All that glitters at the badminton finals

by Loy Kheng Wee and Pattarin Kusolpalin | Published on:

The closing day of Badminton matches promised an exciting lineup, as the games’ top teams and players from Indonesia, Malaysia and Thailand competed against one another for a higher medal finishing. Out of the five matches, three were internal gold medal contests – two involving Malaysia and one involving Indonesia.

Women’s Doubles

Women’s Doubles started with a bang as Malaysia duo Vivian Hoo Kah Mun and Woon Khe Wei (ranked World No. 11) battled fellow compatriots Amelia Alicia Anscelly and Soong Fie Cho (ranked World No. 26) for the coveted gold medals. Hoo and Woon tussled Anscelly and Soong in the first game, keeping the audience on the edge of their seats throughout but were overcome by the latter 21-18. Then, Anscelly and Soong ended the second set with a score of 21-13. They added that they enjoyed the match with fellow country players. 


Malaysia’s Soong Fie Cho and Amelia Alicia Anscelly take the centre podium spot in Women’s Doubles. Photo: Lawrence Loh/ SINGSOC

Women’s Singles

Thailand’s sole finalist for the day Busanan Ongbumrungpan faced Indonesia’s Hanna Ramadini in the Women’s Singles. 19-year-old Ongbumrungpan outlasted 20-year-old Ramadini in the closely fought first set to finish off 21-17. Although Ramadini started off the second game well with a seven point lead, Ongbumrungpan fought back, hit by hit, to conquest the race to 21 points, earning the Women’s Singles gold medal for Thailand. Pleased with her win, Ongbumrungpan shared that she gained good experience in this SEA Games and thanked her friends and family for their support.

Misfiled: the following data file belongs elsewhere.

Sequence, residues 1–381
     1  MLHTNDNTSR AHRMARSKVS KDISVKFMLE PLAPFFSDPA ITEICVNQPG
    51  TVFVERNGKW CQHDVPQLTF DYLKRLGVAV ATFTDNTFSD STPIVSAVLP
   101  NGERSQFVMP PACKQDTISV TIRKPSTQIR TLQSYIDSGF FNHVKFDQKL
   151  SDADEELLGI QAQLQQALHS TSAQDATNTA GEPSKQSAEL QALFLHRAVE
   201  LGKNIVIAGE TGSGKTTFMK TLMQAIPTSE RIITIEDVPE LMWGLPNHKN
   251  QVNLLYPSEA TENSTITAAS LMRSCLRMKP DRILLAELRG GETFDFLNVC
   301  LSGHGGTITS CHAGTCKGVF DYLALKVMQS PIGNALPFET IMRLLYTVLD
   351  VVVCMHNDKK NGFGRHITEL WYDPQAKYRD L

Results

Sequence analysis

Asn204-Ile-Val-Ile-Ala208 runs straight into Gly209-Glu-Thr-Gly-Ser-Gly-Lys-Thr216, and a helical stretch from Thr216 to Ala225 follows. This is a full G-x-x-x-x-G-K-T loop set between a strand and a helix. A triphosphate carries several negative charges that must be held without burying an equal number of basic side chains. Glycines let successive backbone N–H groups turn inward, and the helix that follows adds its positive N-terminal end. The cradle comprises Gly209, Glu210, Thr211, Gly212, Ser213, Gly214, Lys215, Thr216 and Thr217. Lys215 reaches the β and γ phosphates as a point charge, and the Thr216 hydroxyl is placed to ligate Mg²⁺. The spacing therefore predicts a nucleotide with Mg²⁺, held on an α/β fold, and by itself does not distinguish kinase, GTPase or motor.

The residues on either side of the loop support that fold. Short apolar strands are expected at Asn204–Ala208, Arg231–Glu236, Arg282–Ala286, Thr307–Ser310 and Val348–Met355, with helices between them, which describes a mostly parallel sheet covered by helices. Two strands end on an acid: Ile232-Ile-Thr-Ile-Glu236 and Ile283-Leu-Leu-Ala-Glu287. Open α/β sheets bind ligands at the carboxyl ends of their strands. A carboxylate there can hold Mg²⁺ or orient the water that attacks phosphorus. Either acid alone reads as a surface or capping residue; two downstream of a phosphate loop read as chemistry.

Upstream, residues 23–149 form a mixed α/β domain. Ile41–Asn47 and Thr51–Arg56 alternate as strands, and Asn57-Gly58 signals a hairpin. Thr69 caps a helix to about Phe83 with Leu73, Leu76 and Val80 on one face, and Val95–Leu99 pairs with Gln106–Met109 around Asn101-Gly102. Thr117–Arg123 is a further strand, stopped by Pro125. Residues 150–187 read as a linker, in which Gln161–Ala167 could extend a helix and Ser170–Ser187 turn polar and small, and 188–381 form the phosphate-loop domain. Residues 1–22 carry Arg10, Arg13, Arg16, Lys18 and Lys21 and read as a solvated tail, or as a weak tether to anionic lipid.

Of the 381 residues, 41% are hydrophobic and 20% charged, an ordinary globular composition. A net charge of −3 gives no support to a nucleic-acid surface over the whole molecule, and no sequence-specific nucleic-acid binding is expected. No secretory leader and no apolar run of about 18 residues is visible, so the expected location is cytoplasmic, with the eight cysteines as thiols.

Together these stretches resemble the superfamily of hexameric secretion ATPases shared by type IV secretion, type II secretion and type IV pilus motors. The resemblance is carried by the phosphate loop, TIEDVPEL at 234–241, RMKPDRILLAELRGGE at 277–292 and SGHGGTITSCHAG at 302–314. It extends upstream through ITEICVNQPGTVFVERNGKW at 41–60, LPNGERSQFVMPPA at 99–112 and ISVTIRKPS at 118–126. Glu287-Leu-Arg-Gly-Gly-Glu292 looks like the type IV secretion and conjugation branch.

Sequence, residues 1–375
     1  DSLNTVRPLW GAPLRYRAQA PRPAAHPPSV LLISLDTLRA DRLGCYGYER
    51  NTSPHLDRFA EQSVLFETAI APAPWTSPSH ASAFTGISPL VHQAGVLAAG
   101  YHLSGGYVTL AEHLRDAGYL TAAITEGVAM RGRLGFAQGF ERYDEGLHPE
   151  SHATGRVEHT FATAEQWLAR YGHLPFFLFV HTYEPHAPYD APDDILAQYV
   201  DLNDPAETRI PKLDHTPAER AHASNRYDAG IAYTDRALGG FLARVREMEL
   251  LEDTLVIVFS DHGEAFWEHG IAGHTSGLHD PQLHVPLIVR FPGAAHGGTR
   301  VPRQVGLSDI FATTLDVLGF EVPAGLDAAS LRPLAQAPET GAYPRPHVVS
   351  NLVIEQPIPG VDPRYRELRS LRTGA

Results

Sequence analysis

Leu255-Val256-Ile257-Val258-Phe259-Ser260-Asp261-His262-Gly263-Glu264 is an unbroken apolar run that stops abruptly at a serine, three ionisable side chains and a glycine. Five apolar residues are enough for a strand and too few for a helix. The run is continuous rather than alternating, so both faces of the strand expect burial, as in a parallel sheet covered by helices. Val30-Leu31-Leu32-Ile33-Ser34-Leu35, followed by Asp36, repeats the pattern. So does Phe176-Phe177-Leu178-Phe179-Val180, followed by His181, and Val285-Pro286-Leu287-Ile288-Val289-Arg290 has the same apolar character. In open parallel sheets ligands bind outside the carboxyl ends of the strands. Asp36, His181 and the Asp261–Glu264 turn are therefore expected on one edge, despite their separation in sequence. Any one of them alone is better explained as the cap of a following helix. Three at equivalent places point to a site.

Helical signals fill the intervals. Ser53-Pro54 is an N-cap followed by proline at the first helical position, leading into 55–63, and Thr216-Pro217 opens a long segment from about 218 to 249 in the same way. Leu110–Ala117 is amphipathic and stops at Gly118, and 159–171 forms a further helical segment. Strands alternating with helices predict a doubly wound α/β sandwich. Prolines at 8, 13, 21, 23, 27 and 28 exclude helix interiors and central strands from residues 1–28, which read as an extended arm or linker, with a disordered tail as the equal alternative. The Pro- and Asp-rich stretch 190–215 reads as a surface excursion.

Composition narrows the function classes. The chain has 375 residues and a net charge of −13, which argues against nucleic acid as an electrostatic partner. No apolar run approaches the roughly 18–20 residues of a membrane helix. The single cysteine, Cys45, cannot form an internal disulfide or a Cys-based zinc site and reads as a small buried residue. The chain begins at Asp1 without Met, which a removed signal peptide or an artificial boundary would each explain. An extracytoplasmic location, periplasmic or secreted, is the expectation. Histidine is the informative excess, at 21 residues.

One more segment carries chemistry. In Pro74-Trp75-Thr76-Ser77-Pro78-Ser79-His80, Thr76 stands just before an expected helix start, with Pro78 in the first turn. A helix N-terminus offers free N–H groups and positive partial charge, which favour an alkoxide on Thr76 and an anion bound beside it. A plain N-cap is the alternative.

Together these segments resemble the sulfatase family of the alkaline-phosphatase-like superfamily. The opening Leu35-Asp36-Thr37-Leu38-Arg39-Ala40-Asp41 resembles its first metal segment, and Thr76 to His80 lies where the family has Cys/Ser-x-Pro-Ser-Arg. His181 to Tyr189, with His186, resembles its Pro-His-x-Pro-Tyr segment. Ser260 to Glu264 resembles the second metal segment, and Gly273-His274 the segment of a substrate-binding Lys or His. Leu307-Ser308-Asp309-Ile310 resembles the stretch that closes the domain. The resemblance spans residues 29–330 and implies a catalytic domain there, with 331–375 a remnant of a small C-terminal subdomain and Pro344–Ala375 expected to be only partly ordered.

Thailand’s Busanan Ongbumrungpan celebrating her victory. Photo: Lawrence Loh/ SINGSOC

Men’s Singles

Once again, it was an internal battle for Malaysia’s shuttlers in the Men’s Singles, as Chong Wei Feng competed against Ab Latif Mohamed Arif for a centre spot on the victory podium. Chong created a massive nine point lead before aggressively taking down the first game 21-8, as Latif struggled to find a way to counter Chong’s attacks. Chong rounded up the second game with score of 21-9. 


Singapore’s crowd favourite Loh Kean Yew finishes with a bronze in Men’s Singles. Photo: Lawrence Loh/ SINGSOC

Men’s Doubles

Adapting to the match comfortably in their red attires, Indonesia’s Ricky Karandasuwardi and Angga Pratama attained the first set against fellow countrymen Marcus Fernaldi Gideon and Kevin Sanjaya Sukamuljo 21-12. Despite very tight play by Gideon and Kukamuljo in the second set, Karandasuwardi and Pratama stood their ground and finished 24-22 to bring the gold medal home.

Mixed Doubles

Malaysia’s Chan Peng Soon and Goh Liu Ying, ranked World No. 49, challenged World No. 11 Praveen Jordan and Debby Susanto from Indonesia. Chan-Goh’s brilliant partnership allowed them to take the first game 21-18. Jordan and Susanto won the second set swiftly 21-13 and gave the audience the anticipated third set. The Indonesian duo showcased their mettle for every point, giving Malaysian shuttlers a run for their money. Finally, Jordan-Susanto edged ahead during an intense rally to take Chan-Goh out of the gold medal chase, winning the last Badminton gold medal with a final set of 25-23. 



Mixed Doubles Medalists. Photo: Huang Xiaolong/ SINGSOC

Coinciding with the Closing Ceremony, Badminton Day 7 marks the end of well-fought matches held at the Singapore Indoor Stadium, presenting Indonesia and Malaysia with two gold finishes and Thailand with one gold medal.

From Singapore Indoor Stadium, we thank all the athletes for their excellent sportsmanship, officials and volunteers for their unwavering support, audience for their energetic cheers and everyone who made this event possible!

This author of this article is a volunteer content producer with Team Nila. For more content produced by Team Nila, please head to the 28th SEA Games Social Wall.

SEA Games tv app. Photo: SINGSOC

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